In a rarely used debate format, Wisconsin Senate candidates Tommy Thompson (R), a former governor, and Rep. Tammy Baldwin (D) were permitted to directly spar with each other in unmoderated six-minute chunks on topics picked by voters.
The hourlong debate in Wausau played very much like an extended, spliced-together greatest hits video of Thompson and Baldwin campaign ads, an at times heated back-and-forth defined more by established talking points than off-the-cuff remarks. Given that predictability, and in a race that's too close to call 19 days before Election Day, it's unclear whether either candidate was able to sway the few remaining undecided voters in ways their media operations can't.
The debaters addressed the 2010 health care law, with Baldwin in favor and Thompson opposed; the deficit crisis, with Baldwin calling for higher-earning Americans to pay more and Thompson accusing the Democrat of being a tax-and-spender; and even Wisconsin's own vice presidential candidate, with Baldwin calling Rep. Paul Ryan's budget extreme and Thompson trying to distance himself after telling reporters in August that "most people know that Paul and I are close friends and that we teamed up on many issues, especially on Medicare."
An NBC News/Wall Street Journal/Marist poll released earlier this evening had Baldwin leading Thompson 49 percent to 45 percent. A Marquette University poll released Wednesday had Thompson leading Baldwin 46 percent to 45 percent. Sources on both sides of the aisle, in Wisconsin and in Washington, D.C., say that Wisconsin's Senate contest is among the most competitive in the country and could be decisive in determining the chamber's majority. Roll Call rates the race as a Tossup.
"There's a clear contrast in this race," Baldwin said in her closing statements, echoing her talking points from throughout the debate. "Tommy likes to talk a lot about what he did as governor in the 1980s and 1990s. But the fact remains that he has spent his last seven years as a partner at a big, powerful Washington lobbying firm that lobbies on behalf of those same special interests I've spent my career fighting against."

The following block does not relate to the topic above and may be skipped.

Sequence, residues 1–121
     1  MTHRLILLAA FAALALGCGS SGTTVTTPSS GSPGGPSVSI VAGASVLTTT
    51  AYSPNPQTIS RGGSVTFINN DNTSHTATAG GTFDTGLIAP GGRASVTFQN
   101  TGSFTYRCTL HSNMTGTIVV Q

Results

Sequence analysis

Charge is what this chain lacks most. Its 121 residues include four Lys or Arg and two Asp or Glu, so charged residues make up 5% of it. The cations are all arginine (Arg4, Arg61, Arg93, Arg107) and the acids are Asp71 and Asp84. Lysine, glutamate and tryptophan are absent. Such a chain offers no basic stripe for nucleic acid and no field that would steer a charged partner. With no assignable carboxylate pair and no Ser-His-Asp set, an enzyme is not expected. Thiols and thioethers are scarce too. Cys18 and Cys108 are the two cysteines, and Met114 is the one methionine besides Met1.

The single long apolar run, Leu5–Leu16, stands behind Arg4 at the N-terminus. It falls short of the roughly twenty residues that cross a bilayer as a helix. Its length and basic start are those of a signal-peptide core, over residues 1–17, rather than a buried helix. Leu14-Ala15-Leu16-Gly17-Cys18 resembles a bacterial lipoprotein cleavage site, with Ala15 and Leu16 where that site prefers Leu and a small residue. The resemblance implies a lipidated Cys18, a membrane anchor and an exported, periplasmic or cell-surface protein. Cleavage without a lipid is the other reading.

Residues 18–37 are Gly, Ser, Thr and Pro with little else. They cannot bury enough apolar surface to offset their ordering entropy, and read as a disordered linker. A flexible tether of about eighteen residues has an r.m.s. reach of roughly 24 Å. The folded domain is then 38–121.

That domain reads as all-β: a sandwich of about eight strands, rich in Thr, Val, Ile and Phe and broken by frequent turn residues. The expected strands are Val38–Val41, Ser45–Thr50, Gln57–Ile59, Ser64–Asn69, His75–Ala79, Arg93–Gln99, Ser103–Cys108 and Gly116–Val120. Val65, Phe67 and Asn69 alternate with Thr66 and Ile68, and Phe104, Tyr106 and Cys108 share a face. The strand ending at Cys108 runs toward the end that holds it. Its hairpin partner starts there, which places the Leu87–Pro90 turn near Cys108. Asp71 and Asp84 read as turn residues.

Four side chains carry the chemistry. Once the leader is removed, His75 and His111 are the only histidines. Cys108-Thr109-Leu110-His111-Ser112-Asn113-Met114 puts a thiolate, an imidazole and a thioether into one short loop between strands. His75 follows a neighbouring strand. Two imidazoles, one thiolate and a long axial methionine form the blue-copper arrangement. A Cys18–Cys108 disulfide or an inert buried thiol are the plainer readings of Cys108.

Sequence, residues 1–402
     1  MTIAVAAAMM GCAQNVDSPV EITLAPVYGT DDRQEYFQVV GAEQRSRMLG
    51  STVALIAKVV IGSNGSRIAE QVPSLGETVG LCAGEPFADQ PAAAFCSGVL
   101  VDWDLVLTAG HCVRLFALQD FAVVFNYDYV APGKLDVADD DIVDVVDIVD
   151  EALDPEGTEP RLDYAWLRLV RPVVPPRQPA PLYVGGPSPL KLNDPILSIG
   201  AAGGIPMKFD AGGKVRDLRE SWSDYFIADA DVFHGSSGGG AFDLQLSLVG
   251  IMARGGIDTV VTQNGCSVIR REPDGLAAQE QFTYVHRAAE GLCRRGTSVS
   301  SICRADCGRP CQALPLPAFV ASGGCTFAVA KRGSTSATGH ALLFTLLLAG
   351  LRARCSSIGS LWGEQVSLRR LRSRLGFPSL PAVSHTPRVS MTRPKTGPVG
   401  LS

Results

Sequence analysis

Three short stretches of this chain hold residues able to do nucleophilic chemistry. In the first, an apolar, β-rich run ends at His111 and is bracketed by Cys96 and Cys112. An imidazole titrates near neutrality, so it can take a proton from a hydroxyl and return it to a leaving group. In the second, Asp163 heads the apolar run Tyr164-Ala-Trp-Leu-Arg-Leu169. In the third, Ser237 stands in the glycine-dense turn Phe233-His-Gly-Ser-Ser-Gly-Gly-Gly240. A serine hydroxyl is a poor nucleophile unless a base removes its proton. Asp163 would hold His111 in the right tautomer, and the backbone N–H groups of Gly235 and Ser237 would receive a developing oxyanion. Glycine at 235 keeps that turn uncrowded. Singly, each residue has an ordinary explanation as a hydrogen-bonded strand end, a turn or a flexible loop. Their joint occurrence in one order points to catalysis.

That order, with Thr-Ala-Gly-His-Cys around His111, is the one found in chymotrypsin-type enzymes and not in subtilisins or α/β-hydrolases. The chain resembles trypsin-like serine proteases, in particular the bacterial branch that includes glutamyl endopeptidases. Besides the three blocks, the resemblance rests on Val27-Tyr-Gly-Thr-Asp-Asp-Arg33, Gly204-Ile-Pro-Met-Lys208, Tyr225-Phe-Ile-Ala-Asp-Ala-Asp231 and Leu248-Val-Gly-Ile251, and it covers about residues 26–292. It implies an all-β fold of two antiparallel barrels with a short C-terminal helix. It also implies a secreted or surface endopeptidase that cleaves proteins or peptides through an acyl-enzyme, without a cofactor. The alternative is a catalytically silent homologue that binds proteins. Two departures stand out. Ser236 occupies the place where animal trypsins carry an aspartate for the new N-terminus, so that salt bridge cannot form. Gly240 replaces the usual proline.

Baldwin and affiliated Democratic groups have been campaigning for weeks on the slogan, "Tommy: He's not for us anymore."
On the flip side, Thompson continued to drive home his message of Baldwin being too extreme for Wisconsin voters. His repetition of talking points regarding Baldwin raising taxes and Democrats increasing the deficit were especially brutal at times, particularly in a format where he could talk to her directly without the interjection of moderators. He also spent much of his time focusing on his record as governor — a double-edged sword given his popularity at the time but also Baldwin's message that his governorship was long ago.
"Our country is facing a fiscal cliff, and if we don't do something about it, we're headed for a fiscal abyss. Who's the best person to do it? Somebody that's cut taxes 91 times or somebody who's raised taxes 155 times?" Thompson said. "We're Americans. We can change this. We can balance the budget, bring those jobs back so 23 million Americans are able to have a job just like they did when I was governor of the state of Wisconsin."
One of the most animated moments of the evening came toward the end of the debate, when Baldwin and Thompson were both trying to get a word in edge-wise without their media mediators. The Republican got aggressive in cutting his opponent off, accusing Baldwin of trying to filibuster debate time like Vice President Joseph Biden in his debate with Ryan last week.
"If you want to interrupt me, Joe Biden. ... Let me finish!" Thompson retorted, to some boos from the crowd.